The global movement to highlight the enduring environmental and potential health impacts of plastics has kick-started wide-ranging programmes to reduce use and improve recyclability of single-use plastics, and many companies are now exploring sustainably sourced and recyclable materials in a bid to consider the end-of-life impact of their packaging.

Sam Jones, Customer Sustainability Manager at DS Smith explores how thoughtful design can streamline the supply chain and reduce overall carbon emissions. and what should businesses bear in mind when they review their packaging choices with regards to sustainability?

Problematic lifestyles

We live increasingly fast and busy lifestyles with a focus on convenience and disposability and we have little time to buy in bulk, cook from raw ingredients, reuse or recycle. Items such as drinking straws, water bottles, coffee cups, lids and stirrers, cutlery and takeaway packaging are particularly problematic from an environmental perspective.

All is not lost though - governments, retailers and brands are now taking action. The EU has recently developed a European Strategy for Plastics in a Circular Economy and some supermarkets are pledging to go entirely plastic-free or have plastic-free aisles.  In February, Europe’s first plastic-free supermarket aisle was launched by Dutch supermarket chain Ekoplaza. The company hopes to roll out similar aisles in all of its 74 branches by the end of the year. The plastic-free aisle offers more than 700 products with plastic-free packaging, including meat, rice, sauces, dairy, chocolate, cereals, yogurt, snacks, fresh fruit and vegetables.

The challenge of going plastic-free

While there are some straightforward moves retailers can make such as changing plastic egg cartons to pressed fibre cartons and charging for plastic bags, there are some areas that will require much more consideration. Plastics have a key part to play in transporting produce and keeping it fresh for longer and when this plastic is also returnable and recyclable, the case for using plastics is compelling.

For example, fruit and vegetable producers fill plastic trays with produce which then travels through the supply chain, is placed in fixture in store, emptied, cleaned and goes back to the packer for re-use. The plastic trays offer excellent supply chain efficiencies, and ensure the produce is protected. The trays have a long life span, being used time and time again.

In this example, the use of the plastic is arguably the most sustainable option. However, in general there is much more scope for companies to pioneer better design of plastics, supporting reuse, easier recycling and also encouraging the use of recycled plastics where possible. Stronger incentives to simplify, collect, sort and recycle all plastics would undoubtedly lead to a more sustainable future.

The proliferation of plastics over the last sixty years has in part been driven by its practicality. Plastics are light, strong, impermeable and cheap. They can be flexible or rigid, inflated and extruded. Innovations in fibre packaging are increasingly offering alternatives.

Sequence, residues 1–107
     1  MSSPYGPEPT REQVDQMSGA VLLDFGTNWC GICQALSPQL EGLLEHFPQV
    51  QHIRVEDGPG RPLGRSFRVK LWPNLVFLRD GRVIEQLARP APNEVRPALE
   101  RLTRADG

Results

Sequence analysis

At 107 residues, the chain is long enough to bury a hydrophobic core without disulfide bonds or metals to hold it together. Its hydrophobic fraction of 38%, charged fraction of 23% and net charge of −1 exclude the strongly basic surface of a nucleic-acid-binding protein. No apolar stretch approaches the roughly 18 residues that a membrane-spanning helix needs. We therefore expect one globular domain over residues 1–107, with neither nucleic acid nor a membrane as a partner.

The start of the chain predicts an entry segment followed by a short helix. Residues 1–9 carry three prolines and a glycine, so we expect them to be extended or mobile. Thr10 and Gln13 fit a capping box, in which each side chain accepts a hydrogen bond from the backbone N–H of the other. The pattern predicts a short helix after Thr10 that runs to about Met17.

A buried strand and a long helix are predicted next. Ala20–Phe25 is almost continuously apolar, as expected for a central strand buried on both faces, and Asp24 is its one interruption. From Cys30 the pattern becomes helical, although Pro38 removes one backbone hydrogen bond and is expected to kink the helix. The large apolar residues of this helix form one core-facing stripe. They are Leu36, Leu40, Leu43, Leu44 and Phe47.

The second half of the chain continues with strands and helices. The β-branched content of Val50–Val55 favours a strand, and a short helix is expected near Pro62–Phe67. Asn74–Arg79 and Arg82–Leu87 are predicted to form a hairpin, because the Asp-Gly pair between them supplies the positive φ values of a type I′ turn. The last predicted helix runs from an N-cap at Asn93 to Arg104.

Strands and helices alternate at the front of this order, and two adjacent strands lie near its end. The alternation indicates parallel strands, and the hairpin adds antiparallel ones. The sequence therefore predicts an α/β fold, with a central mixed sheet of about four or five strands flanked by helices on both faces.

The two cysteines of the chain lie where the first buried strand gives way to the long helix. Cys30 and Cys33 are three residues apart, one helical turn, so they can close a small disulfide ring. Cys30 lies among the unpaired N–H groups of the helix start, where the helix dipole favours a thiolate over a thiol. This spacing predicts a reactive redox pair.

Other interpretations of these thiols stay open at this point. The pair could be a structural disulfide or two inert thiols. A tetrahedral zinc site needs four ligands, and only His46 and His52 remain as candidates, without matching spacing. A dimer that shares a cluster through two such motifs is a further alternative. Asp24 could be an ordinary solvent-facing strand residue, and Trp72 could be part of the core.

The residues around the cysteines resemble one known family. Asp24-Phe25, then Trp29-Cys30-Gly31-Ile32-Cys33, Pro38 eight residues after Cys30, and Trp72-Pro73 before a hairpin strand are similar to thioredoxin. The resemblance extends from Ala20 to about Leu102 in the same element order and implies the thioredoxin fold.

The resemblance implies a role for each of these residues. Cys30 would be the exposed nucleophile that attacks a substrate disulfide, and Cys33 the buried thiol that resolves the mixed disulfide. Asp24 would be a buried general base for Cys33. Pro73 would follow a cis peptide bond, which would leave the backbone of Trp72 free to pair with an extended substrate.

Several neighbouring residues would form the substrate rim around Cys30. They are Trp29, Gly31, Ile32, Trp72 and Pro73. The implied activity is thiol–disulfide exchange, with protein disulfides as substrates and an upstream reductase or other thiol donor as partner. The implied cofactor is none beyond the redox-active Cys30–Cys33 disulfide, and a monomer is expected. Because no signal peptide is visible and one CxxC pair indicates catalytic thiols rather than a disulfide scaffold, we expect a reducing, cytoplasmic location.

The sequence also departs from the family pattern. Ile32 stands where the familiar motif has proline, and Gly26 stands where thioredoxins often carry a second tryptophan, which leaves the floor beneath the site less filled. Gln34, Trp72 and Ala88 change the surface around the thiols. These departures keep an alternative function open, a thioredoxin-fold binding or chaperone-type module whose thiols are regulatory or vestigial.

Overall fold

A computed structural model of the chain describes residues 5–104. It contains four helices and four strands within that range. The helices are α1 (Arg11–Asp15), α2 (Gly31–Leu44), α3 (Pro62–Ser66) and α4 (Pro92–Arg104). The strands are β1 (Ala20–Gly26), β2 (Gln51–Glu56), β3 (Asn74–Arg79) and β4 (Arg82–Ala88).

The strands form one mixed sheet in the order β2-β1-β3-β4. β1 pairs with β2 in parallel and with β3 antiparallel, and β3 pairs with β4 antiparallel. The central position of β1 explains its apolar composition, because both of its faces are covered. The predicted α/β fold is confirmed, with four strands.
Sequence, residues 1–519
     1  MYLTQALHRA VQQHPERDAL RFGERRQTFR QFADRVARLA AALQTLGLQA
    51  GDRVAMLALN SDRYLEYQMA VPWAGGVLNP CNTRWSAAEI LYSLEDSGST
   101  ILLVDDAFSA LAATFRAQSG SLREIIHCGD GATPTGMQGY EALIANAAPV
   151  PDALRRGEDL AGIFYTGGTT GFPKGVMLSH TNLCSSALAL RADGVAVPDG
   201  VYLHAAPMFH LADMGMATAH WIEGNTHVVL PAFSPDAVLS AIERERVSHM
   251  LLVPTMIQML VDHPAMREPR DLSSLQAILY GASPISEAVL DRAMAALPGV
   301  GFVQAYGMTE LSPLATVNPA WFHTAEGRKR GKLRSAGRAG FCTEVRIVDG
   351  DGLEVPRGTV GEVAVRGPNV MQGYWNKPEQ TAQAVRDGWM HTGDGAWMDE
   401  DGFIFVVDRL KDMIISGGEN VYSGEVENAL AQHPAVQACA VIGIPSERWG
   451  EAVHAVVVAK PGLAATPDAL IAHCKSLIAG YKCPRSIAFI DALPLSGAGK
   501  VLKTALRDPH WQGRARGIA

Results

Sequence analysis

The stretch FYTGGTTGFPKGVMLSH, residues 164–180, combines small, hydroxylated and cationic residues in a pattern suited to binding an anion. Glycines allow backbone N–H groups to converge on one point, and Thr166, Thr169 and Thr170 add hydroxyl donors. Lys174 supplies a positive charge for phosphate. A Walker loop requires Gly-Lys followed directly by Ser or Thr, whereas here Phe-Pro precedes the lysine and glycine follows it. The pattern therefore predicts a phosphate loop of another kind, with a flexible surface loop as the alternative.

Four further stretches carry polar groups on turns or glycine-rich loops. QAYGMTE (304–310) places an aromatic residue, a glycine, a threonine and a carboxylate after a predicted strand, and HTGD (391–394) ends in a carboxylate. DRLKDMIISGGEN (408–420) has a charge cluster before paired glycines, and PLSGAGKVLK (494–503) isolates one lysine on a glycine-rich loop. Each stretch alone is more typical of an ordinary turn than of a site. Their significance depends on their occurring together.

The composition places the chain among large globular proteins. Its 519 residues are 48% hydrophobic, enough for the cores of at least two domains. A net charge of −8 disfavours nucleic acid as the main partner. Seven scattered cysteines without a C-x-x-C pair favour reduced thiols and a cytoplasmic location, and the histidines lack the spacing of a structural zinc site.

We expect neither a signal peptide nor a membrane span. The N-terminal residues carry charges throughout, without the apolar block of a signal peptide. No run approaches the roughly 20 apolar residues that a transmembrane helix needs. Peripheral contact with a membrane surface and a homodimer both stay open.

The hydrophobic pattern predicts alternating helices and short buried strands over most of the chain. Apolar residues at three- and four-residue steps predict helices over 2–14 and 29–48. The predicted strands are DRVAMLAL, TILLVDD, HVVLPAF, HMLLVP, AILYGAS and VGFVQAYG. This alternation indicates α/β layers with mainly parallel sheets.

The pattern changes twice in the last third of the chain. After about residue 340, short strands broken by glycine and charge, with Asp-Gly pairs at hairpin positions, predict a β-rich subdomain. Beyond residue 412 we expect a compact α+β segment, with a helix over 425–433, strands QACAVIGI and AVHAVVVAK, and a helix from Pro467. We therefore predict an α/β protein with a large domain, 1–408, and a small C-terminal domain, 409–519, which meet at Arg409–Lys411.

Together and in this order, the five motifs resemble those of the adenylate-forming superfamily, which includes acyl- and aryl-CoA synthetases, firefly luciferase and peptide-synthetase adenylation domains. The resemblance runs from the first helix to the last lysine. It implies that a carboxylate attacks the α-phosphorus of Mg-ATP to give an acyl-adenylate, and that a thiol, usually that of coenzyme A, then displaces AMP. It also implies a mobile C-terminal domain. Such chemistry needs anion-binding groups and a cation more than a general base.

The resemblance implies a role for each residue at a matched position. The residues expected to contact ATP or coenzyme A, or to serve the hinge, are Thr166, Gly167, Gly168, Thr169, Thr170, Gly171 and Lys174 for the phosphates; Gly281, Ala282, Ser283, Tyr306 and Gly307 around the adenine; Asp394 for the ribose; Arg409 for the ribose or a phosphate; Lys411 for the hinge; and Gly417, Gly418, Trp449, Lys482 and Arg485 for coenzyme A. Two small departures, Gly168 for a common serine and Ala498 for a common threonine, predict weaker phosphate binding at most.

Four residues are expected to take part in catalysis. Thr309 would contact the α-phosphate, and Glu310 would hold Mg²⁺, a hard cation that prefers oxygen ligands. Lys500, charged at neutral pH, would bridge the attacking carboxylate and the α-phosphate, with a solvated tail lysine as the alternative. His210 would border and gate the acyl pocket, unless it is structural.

Easy alternatives

One area ripe for change is in on-shelf packaging. Some retailers use clear plastic trays that hold packs neatly and present them face-on to customers. The clear plastic makes the product visible and enables strong marketing of the product, however there are plastic-free alternatives available. DS Smith offers retail ready packaging (RRP) made from recyclable corrugated cardboard which has small upstands in the base and holds the product vertically. At 81 per cent, paper and board packaging is the most widely recycled material in Europe. It is designed with the whole supply chain in mind and offers cube efficiencies, meaning it fits perfectly within pallets whereas plastic trays often contribute to space loss of 20 per cent on average.

Another innovation is Bag-in-Box flexible packaging solutions. Bag-in-Box packaging offers an environmentally friendly alternative to packaging solutions for transporting liquids. Not only are all the components recyclable, Bag-in-Box produces five times less waste than rigid container alternatives. It is perfect for detergents, wine, juices and other fluids. Some are considering whether shaped bottles could be eliminated entirely as they are not cube efficient in the supply chain. Instead Bag-in-Box would be the more sustainable alternative.

Outside of the retail sector, European manufacturers are also considering their part in the plastics revolution. Many currently use plastic to transport their products when corrugated board could work just as well. For example, Finnish company Puustelli Group Oy manufactures high quality kitchen furniture and supplies customers in Finland, Sweden, the Baltic States and Russia. It recently worked with DS Smith to change from plastic to recyclable and environmentally friendly corrugated board packaging. The end result generated significant savings in terms of ordering and warehousing and an increase in distribution speed. It will reduce plastic packaging disposal by 32,000kg, enjoy substantial cost savings through improved protection and strengthen its brand; consumers recognise corrugated board to be recyclable and associate this with a sustainable, responsible brand.

As the environmental and potential health impacts become more apparent, regulatory and consumer attitudes towards excessive plastic packaging are changing rapidly. Many companies are now reviewing their approach to single-use plastics. In many cases, plastic packaging solutions may still be the most sustainable option. Regardless of material, we should focus on moving towards a more circular economy, where we minimise the use of raw materials, reduce waste, reuse and recycle.

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